Two easy-to-tie patterns that match one of the most prolific food sources in the sea.
[Article and Photography by Scott Sanchez]
CRABS ARE MUST-HAVE FLY PATTERNS for inshore saltwater fishing. Whenever bonefish, redfish, black drum, or permit refuse other flies, a simple crab should be your next go-to choice. It’s a natural food source that’s just too plentiful to ignore. While fish typically find crabs around and on the flats, they also inhabit reefs, oil rigs, jetties, and floating vegetation.
But with so many species, sizes and colors of crabs in the sea, it pays to know a few patterns that are easy to customize in different colors. Here are some thoughts on crab-fly design, and two patterns that have become my favorites over the years.
Crab Fly Design
I’ve played with crab designs for over 20 years, and in my experience, while it’s important for a crab fly to look like a natural, it’s equally important to make sure it acts like a natural.
Most living crabs dive or scurry for cover if there’s danger. Patterns with wide, rigid bodies frequently plane side-to-side as they drop, like a coin thrown into a wishing well. That motion simply doesn’t look natural to fish. I once spent an evening throwing different crab patterns into water to see how each one sank and landed. I found the soft-bodied patterns made with yarn dropped correctly more consistentantly than any others. I also realized how critical counter-balancing weight, or a strong weed guard, can be. If a fly snags during the retrieve, you risk spooking fish as you pick it up for the next cast.
How a pattern reacts during the cast is another important part of crab design. Flies tied with buoyant materials usually need dense weight to compensate and sink. But if a fly is too heavy and hard to cast, you’ll struggle getting it where it needs to be, and when you do, it may be loud when it enters the water—possibly spooking every fish on the flat. The best crab flies sink well with moderate weight.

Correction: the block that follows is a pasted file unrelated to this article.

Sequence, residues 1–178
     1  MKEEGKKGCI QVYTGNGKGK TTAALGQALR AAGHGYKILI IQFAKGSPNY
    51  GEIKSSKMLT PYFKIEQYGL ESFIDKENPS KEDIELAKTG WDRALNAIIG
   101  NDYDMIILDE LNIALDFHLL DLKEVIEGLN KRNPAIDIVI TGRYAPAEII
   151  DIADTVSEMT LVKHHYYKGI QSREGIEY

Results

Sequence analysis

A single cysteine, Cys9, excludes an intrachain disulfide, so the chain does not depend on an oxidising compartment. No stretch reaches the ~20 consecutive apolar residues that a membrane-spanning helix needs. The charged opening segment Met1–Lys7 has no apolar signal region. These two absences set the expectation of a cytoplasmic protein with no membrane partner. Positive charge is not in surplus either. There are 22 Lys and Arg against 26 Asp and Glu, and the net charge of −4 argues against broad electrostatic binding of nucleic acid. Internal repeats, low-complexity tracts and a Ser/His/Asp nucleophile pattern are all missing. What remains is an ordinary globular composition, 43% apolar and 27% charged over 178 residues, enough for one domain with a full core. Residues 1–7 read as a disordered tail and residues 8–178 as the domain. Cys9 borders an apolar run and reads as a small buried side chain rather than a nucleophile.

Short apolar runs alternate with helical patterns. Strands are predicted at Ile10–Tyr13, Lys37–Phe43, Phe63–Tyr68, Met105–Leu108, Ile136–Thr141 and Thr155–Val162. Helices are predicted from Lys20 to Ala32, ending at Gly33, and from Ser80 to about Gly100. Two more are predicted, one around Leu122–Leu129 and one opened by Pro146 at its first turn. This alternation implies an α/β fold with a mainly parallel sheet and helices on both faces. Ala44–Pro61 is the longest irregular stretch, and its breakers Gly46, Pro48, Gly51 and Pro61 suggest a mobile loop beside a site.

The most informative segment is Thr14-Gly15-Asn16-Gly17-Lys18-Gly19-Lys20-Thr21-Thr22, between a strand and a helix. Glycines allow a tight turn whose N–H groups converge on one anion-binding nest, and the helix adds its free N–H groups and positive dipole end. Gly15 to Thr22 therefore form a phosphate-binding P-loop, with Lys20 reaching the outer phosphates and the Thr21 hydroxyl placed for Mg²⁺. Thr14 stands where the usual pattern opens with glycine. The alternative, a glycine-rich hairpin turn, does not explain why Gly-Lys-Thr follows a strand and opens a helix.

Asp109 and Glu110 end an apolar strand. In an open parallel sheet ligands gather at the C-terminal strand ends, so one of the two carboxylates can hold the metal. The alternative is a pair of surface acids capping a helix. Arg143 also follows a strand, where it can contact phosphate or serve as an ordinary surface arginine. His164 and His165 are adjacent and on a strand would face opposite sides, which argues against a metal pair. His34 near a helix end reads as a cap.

Too Much, Too Little, and Just Enough
It’s important to match the weight of your crab pattern to the depth of water you’re fishing. Large, heavy flies are better for deep water, while small, light flies are more appropriate for shallow presentations.
Metal dumbbell eyes are the simplest way to weight crabs you want to fish deep. For skinny water, use bead-chain eyes. Tiers have so many different dumbbell eye options available that tiers can match a pattern to almost any depth of water.
To invert crab patterns you need more material inside the hook bend and some weight on the opposite side of the shank to ballast the fly. Legs and claws that rise above the inverted body can also help right the fly.
Camouflage is one of a crab’s great survival mechanisms. Try to tie crab patterns to match the bottom you’re fishing over. Most crabs replicate the color of the ocean floor or whatever habitat they’re clinging to. I’ve even seen black and green Hawaiian crabs that matched the color of volcanic sand.
With all that in mind, here are a couple crab recipes that work well and are simple to tie and modify depending on the color and weight you need, wherever you’re fishing.
Larry Sunderlund, one-time owner of the Austin Angler, came up with a practical crab design about fifteen years ago called the Parachute Crab. He gave me a few when we were kayaking the Texas flats near Port Aransas. It was one of those simple patterns that had me asking myself, “Why didn’t I think of this?”
The fly uses a base of monofilament eyes and a body of flared yarn or sheep fleece with hackle wrapped parachute style to mimic the legs and claws. One of his favorite ways to fish it is to cast in front of a fish and let it sit still or drift freely, though I’ve seen it work when someone strips or twitches it.
Sunderlund frequently tied it without weight to avoid spooking redfish rooting in shallow water, though you can also tie a weighted version with bead-chain eyes for deeper water or lead-dumbbell eyes for when you really need to get it down. I sometimes hand-blend materials to achieve a desired color. It’s a great way to achieve a specific shade, just don’t make the body too dense. Less compact ties sink better and hold less water on the cast.
The parachute on this fly is a great way to use up any large, junk hackle from partially depleted necks or saddles. To make the claws more prominent, use hackle tips or tufts of squirrel tail. You can also use synthetic hackle like Polar Chenille, Trilobal Hackle or Pseudo Hackle for a different look.